Marti Nelson, Taylor High School, Katy, Texas.
King Lear 3.4 (but this lesson could be adapted to any play)
What's On for Today and Why
Reader's Theater is a performance technique that can allow students to delve into a text in a different way from reading, staging, or viewing a scene. Its preplanned and choreographed movements, often stylized, can work on a symbolic as well as a literal level. Speakers aren't necessarily assigned to one character, which offers opportunities for cutting and reordering the script and rethinking or even ignoring what the characters are assigned to say.
In groups, students will work with small sections of 3.4 King Lear and perform these passages as Reader's Theater. In the process of closely examining the text and finding ways to perform it, students will not only develop an understanding of their section of text, but also grasp the essentials of the entire scene.
Students should have finished reading 3.4 of the play. This lesson will take two regular class periods or one block period.
What You Need
Folger edition of King Lear
Available in Folger print edition and Folger Digital Texts
Lines 1-25 before revision
Lines 1-25 after revision
Reader's Theater guidelines
What To Do
1. Distribute Handouts 1, 2, and 3 to the class.
2. Introduce Reader's Theater techniques using the guidelines in Handout 1.
3. Discuss how to cut and reorder lines for Reader's Theater. Have students compare the original version (Handout 2) with an overhead of the revised version (Handout 3).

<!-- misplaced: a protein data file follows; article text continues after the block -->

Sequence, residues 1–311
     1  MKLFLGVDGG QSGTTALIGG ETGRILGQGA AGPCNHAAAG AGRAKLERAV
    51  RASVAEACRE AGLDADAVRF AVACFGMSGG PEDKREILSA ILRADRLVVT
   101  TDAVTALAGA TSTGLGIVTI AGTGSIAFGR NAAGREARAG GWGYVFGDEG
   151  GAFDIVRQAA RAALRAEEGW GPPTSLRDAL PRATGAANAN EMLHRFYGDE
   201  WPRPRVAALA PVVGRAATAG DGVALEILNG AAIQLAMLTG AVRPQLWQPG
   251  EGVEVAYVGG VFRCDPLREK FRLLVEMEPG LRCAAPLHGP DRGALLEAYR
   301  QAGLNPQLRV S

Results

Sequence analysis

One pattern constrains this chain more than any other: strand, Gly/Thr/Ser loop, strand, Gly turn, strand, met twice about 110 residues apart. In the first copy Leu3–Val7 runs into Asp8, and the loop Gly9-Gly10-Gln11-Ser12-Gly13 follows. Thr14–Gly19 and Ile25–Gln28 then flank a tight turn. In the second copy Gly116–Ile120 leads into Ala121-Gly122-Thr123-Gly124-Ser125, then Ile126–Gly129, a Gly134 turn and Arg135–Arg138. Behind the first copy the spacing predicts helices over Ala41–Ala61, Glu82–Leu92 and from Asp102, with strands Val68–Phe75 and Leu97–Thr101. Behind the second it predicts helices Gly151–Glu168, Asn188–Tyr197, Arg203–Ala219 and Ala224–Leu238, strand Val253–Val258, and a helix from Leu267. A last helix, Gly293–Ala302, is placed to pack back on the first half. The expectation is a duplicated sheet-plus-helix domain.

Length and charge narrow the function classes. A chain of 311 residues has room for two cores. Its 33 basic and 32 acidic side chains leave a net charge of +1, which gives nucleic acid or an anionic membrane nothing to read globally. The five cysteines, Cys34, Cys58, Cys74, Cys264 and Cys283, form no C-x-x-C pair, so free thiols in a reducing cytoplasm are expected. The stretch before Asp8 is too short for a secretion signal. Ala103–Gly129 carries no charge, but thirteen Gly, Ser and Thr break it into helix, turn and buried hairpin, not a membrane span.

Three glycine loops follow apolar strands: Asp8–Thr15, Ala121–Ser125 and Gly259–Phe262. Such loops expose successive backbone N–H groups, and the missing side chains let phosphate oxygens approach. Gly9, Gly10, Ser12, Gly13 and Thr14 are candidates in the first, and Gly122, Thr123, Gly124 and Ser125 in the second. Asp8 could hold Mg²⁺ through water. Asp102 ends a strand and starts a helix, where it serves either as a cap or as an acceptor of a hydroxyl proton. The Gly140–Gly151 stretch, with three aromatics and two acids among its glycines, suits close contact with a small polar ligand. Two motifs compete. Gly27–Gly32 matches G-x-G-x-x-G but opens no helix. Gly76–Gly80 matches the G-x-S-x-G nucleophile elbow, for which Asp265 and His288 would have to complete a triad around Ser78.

4. Assign parts to five students and read through the model script (Handout 3).
5. Using the guidelines for adding movement, ask the class to choreograph the scene by suggesting movements that the five students execute.
6. Perform the model scene a few times for fluency. Huge applause is appropriate.
7. Divide the class into groups of at least five and give each group a section of the rest of 3.4, about 25–30 lines per group.
8. Give students 30 to 40 minutes to plan and prepare. Give them about half the time for paraphrasing, cutting, and assigning parts, but then get them up on their feet as quickly as possible. Planning movement works much better by doing rather than talking.
9. Have students perform the scene in order. Base assessment of each group on how well they followed Reader's Theater guidelines. If you prefer, create a grading rubric based on these guidelines.
How Did It Go?
Were all group members participating and involved in the planning process? Did students apply the guidelines in planning and performing their section? Did performances reveal meaning through judicious cutting and movement? Did performances reflect student understanding of the text?
If you used this lesson, we would like to hear how it went and about any adaptations you made to suit the needs of YOUR students.
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